Lab 3: Docstrings, formatting, and autodoc

Formatting: Formatting Python code involves making changes that improve readability to human users. Here we aren’t focusing on refactoring code, in which we change the logic of the program itself in order to make the code easier to extend, troubleshoot, or modify, although refactoring can certainly help with human readability. Python has a strong set of conventions regarding formatting, PEP-8, which can help guide formatting code.

We’ve seen that whitespace in Python has meaning: Code written without proper indentation within loops, for example, will fail to run.

Docstrings

Docstrings describe the structure and attributes of Python functions and classes. These have special treatment in most Python environments. They are printed out whenever the command help(name_of_object) is run, and some IDE like VSCode render docstrings in a popup when your cursor hovers over a function.

There are lots of different conventions for formatting docstrings, depending on preferences. For generality, I usually recommend using one of the Napolean supported docstring formats. The Google docstring format uses less vertical space at the expense of longer horizontal descriptions, while the Numpy format uses more verticle space, but has shorter lines. I generally prefer less scrolling, and so I’ll use the Google format throughout this tutorial. If you generally write code in a Terminal or other settings where horizonal scanning is difficult, then the numpy format may be preferred.

Here’s an example of a function that computes each step of the dynamics of a particle in a potential well.

    def ornstein_uhlenbeck(n, ic=0.0, x0=0):
        """
        Simulate the motion of a particle in a one-dimensional harmonic potential well
        with Brownian forcing

        Args:
            n (int): The number of steps to simulate
            ic (float): The initial value of the process
            x0 (float): The location of the potential minimum

        Returns:
            traj (list): The n steps of the dynamical process

        """
        curr = ic
        traj = list()
        for _ in range(n):
            traj.append(curr)
            curr = (curr - x0) + 0.1 * random.random()
        return traj

There are a few things to note: the syntax of the docstring is rather strict. We declare the type of each argument, and the type of the return value. We also include a description of the function, and the meaning of each argument. This explicit, rigid structure is useful for other users of your code, and also for your future self. If you come back to a function you wrote a year ago, you’ll have a description of what it does. The strict syntax helps the computer format the docstring when the help command is invoked, and it will also make it possible to automatically generated online documentation for code using an autodoc tool.

Docstring entries

The docstring for a function should always include the following entries:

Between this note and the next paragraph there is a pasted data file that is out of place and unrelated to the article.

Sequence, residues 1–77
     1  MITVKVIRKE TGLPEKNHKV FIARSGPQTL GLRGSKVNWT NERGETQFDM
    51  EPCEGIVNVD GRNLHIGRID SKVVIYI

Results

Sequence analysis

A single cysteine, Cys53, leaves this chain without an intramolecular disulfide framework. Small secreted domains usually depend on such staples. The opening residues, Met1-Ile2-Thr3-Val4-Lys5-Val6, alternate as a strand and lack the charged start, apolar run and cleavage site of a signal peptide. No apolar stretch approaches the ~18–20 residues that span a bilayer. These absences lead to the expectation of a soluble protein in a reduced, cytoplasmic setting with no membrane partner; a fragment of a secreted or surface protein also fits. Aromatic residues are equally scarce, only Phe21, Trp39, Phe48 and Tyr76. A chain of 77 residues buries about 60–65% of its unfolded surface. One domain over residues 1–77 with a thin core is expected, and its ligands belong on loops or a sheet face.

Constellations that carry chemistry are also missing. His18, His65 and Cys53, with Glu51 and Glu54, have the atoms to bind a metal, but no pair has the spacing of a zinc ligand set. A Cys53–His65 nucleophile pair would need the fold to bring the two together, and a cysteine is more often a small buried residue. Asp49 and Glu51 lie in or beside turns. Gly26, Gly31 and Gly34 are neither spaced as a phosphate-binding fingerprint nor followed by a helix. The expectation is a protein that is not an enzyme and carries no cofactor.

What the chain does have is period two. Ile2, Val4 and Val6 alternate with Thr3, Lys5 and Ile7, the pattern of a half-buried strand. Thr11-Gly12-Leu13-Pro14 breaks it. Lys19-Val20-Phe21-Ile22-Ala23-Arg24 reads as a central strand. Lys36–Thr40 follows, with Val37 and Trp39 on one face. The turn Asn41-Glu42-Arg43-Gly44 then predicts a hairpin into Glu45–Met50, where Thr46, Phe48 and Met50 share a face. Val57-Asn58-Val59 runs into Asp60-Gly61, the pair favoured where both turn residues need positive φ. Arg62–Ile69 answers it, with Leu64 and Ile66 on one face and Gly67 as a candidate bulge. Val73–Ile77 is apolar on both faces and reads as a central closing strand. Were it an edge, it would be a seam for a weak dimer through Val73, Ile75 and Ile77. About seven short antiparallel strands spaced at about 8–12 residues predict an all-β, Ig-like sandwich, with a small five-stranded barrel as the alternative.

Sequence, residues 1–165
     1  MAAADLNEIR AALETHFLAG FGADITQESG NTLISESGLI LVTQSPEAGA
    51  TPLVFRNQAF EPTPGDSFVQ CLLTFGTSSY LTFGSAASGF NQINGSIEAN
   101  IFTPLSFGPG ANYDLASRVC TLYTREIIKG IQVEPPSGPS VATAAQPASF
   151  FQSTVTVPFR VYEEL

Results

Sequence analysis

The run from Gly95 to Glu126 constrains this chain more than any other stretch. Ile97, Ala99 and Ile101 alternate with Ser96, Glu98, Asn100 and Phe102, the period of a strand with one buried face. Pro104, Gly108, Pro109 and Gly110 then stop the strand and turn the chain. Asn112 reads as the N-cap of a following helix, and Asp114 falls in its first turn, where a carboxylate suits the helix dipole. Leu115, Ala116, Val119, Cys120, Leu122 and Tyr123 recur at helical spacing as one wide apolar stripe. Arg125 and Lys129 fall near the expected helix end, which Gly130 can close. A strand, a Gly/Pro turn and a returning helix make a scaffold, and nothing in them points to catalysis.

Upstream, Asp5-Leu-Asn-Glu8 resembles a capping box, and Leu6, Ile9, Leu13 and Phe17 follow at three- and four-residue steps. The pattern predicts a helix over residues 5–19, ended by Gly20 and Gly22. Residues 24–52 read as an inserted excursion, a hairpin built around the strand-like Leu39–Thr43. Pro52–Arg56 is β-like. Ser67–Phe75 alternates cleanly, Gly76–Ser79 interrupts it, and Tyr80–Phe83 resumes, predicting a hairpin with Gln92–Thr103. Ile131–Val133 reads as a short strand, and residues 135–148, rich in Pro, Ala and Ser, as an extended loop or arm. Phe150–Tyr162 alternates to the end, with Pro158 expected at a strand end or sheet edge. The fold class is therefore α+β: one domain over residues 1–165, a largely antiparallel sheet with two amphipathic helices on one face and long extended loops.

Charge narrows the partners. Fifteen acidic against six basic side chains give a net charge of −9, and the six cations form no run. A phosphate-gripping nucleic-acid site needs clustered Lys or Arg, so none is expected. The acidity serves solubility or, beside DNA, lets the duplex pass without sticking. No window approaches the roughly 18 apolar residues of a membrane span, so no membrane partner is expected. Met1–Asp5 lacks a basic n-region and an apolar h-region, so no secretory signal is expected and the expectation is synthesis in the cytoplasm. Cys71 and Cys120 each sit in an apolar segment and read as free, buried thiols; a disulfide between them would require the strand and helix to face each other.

• Args: A description of each argument, including the type of the argument
  • Returns: A description of the return value, including the type of the return value

Additionally, you might find it useful to include the following entries:

  • Raises: A description of any errors that may be raised by the function
  • Yields: A description of the values yielded by a generator function
  • Warnings: A description of any warnings that may be raised by the function
  • Notes: Any additional information that may be useful to the user
  • See Also: A list of related functions
  • Examples: A list of examples of how to use the function

Docstrings for classes

For classes, we usually place the appropriate docstring in the __init__ method. This is because the help command will print out the docstring for the class when it is called on the class itself, and not on an instance of the class.

class OrnsteinUhlenbeck:
    """
    A class for simulating the motion of a particle in a one-dimensional harmonic potential well
    with Brownian forcing

    Args:
        x0 (float): The location of the potential minimum

    Attributes:
        x0 (float): The location of the potential minimum
        traj (list): The trajectory of the particle

    """
    def __init__(self, x0=0):
        self.x0 = x0
        self.traj = list()

    def step(self):
        """
        Take a single step of the dynamical process

        Returns:
            float: The new value of the process

        """
        if len(self.traj) == 0:
            curr = 0.0
        else:
            curr = self.traj[-1]
        self.traj.append((curr - self.x0) + 0.1 * random.random())
        return self.traj[-1]

The docstring for the class itself should include a description of the class, and a description of each attribute. The docstring for the __init__ method should include a description of the class, and a description of each argument. The docstring for the step method should include a description of the method, and a description of the return value.

  • Attributes: A description of each attribute of the class
  • Methods: A description of each method of the class
  • Raises: A description of any errors that may be raised by the class
  • Warnings: A description of any warnings that may be raised by the class
  • Notes: Any additional information that may be useful to the user
  • See Also: A list of related classes
  • Examples: A list of examples of how to use the class